|Publication number||US5758314 A|
|Application number||US 08/646,782|
|Publication date||May 26, 1998|
|Filing date||May 21, 1996|
|Priority date||May 21, 1996|
|Publication number||08646782, 646782, US 5758314 A, US 5758314A, US-A-5758314, US5758314 A, US5758314A|
|Inventors||Michael G. McKenna|
|Original Assignee||Sybase, Inc.|
|Export Citation||BiBTeX, EndNote, RefMan|
|Patent Citations (7), Non-Patent Citations (4), Referenced by (123), Classifications (5), Legal Events (4)|
|External Links: USPTO, USPTO Assignment, Espacenet|
A portion of the disclosure of this patent document contains material which is subject to copyright protection. The copyright owner has no objection to the facsimile reproduction by anyone of the patent document or the patent disclosure as it appears in the Patent and Trademark Office patent file or records, but otherwise reserves all copyright rights whatsoever.
The present invention relates in general to the field of data processing and, more particularly, to the processing of culturally-sensitive information.
For software publishers, overseas markets comprise an ever-growing percentage of revenues for all major PC applications. Traditionally, however, software products have been designed with little or no thought toward portability, let alone translating software products for overseas markets. As non-English speaking countries are buying more and more software from U.S. publishers, there is keen interest in improving the process of enabling or "internationalization," that is, designing and coding a software product so that it can be made to function for international use.
In the past, the process of providing National Language Support (i.e., accommodating a specific country's language, conventions, and culture) was done on a more or less ad hoc basis--essentially retrofitting software to accommodate a particular locale. Merely separating the text in a user interface from one's program is not an acceptable solution, however. Even after translating software prompts, help messages, and other textual information to the target language, one still has to address basic issues of displaying and printing characters in the target language.
For instance, a target language will often include characters which are not defined by the default character set provided by the computer's operating system. IBM-compatible PCs running MS-DOS, for example, can display and print up to 256 different characters, the first 128 characters of which include the well-known 7-bit ASCII character set. This, of course, is not enough characters to support all languages. Some languages will obviously require a different character set; thus, sufficient means must be provided for switching character sets.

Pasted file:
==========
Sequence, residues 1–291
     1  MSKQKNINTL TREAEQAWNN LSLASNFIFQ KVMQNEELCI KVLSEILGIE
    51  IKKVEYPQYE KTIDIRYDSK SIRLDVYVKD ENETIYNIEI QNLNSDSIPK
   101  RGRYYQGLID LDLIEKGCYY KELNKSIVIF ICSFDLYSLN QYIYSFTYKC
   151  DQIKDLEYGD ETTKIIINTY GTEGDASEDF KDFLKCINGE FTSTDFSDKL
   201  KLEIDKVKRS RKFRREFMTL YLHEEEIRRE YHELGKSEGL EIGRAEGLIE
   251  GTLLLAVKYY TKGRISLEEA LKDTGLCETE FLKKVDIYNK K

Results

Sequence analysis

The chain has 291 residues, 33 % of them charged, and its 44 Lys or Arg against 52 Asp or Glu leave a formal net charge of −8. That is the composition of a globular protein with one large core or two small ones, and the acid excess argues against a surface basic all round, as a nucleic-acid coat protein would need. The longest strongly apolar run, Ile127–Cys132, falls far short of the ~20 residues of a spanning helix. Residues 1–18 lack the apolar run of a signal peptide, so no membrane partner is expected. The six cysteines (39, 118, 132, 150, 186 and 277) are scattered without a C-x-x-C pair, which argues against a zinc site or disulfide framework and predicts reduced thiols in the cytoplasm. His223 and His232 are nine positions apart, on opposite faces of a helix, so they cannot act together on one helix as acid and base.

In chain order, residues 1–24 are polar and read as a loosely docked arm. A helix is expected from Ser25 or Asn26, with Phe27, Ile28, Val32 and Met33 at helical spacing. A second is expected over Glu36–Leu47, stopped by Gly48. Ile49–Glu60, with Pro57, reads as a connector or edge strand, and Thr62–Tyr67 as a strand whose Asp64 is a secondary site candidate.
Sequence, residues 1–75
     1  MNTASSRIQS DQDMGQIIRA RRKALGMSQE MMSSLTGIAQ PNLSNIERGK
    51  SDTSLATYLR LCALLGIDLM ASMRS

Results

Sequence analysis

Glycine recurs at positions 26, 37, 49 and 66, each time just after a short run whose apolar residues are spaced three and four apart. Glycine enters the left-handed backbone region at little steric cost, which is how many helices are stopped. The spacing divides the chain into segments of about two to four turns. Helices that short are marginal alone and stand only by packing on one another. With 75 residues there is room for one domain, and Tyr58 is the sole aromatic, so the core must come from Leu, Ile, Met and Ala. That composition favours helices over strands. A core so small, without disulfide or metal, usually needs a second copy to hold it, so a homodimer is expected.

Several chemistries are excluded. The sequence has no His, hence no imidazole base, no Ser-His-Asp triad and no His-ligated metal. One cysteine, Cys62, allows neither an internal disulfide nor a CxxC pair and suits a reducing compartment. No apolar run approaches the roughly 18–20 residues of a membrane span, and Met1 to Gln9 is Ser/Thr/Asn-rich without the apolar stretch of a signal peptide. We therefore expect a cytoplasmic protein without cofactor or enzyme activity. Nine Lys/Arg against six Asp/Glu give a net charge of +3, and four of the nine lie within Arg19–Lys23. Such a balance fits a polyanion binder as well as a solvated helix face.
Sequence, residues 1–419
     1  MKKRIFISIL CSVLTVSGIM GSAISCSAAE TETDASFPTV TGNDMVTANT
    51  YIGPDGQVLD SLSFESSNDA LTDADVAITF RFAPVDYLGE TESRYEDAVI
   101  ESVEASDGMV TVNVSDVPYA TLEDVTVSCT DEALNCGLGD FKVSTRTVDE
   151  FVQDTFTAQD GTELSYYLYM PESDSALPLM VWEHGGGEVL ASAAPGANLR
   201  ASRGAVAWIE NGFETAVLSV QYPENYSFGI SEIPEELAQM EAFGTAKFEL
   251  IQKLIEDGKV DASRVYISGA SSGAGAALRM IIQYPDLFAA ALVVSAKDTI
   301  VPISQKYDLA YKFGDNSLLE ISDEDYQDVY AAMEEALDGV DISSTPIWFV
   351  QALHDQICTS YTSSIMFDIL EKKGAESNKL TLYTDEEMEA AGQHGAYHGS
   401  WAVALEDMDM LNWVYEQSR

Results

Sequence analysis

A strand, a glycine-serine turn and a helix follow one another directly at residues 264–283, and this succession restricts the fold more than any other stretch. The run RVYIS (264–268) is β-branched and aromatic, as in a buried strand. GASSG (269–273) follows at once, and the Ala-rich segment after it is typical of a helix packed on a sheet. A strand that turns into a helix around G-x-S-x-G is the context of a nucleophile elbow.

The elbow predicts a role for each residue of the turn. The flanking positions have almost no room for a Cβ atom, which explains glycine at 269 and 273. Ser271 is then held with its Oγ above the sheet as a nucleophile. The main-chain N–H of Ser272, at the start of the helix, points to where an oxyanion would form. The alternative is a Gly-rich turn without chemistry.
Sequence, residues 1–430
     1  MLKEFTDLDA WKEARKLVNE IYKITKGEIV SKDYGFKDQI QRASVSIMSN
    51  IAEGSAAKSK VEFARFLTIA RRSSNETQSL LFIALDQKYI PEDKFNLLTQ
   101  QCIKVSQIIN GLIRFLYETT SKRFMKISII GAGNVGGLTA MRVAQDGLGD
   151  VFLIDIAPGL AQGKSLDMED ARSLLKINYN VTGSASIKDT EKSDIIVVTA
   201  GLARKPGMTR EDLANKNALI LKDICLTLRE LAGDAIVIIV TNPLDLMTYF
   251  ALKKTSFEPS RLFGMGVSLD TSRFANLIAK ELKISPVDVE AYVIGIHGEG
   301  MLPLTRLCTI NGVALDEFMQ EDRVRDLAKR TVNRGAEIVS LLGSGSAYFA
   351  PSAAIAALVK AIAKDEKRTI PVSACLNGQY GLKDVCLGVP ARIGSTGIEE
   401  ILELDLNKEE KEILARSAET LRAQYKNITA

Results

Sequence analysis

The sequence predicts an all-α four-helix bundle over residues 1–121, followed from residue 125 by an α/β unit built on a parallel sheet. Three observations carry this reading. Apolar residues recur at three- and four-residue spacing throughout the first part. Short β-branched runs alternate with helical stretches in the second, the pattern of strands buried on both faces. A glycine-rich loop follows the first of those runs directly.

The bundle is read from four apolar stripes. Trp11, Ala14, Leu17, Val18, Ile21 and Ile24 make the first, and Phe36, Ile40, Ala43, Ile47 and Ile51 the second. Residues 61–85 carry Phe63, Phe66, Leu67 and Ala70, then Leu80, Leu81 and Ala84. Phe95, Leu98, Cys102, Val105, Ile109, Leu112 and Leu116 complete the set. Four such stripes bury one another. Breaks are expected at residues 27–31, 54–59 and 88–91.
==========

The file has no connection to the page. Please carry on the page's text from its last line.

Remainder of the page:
Other issues to consider when developing a system for foreign users include various format conventions applicable for a particular country. Any use of currency, date, time, and the like within one's software must take into account these factors. For example, systems sold for European languages must accomodate additional characters, such as letters with diacritics, and symbols, such as the British pound (.English Pound.) sign.
Modern-day operating systems, such as Microsoft Windows NT, support international sorting strings using language-independent tables. For an introduction of Microsoft Windows' internationalization support, see e.g., Hall, W., Adapt Your Program for Worldwide Use with Windows Internationalization Support, Microsoft Systems Journal, Vol 6, No. 6, November/December 1991, pp. 29-45, the disclosure of which is incorporated by reference herein.
Today, there exists great interest in providing portable multi-threaded locales for data processing. Specifically, this entails a data processing environment that is multi-threaded--multiple processes operating simultaneously for handling multiple users at the same time. Such environments typically comprise a database server (e.g., Sybase SQL Server), a programmatic open server (e.g., Sybase Open Server), a terminal server, or the like. Generally, such an environment includes some type of server application operating in a client/server environment.
A problem exists outside of English environments, however. In particular, situations arise where different users of a system may be speaking different languages (i.e., employing different locale-specific character sets, collation sequences, and/or data attributes). Here, "locale" refers to a total-user environment set up for the system to determine which language to use for messages, what formatting to use for various cultural strings (e.g., date, time, and currency), or the like. The particular problem which exists is that each user may have a different locale requirement despite the fact that the system itself is oriented towards a single locale for a single process. Using existing utilities supplied by the underlying operating system (e.g., UNIX), the many users which may simultaneously use the system are all forced to use a single locale (i.e., the locale for which the system has been set up).
Another problem which exists is that each one of the users may be using a different character set. This is particularly the case when users are accessing the system from various locations around the world. A Japanese user might, for instance, be using a vendor-specific version of the Japanese Industrial Standard (such as shift JIS) character set. European users, on the other hand, might employ ISO 8859-1 character set, or such users might be using the Roman-8 character set from a Hewlett-Packard platform. Still further, a user might be employing the KOI-8 character set from a Russian environment. Here, a "character set" comprises the "character repertoire"--that is, the actual characters being used in a coded character set. The "coded" character set comprises the set of numeric codes employed to represent those characters. The actual numeric value used to represent a particular character may, in fact, vary from one character set to another.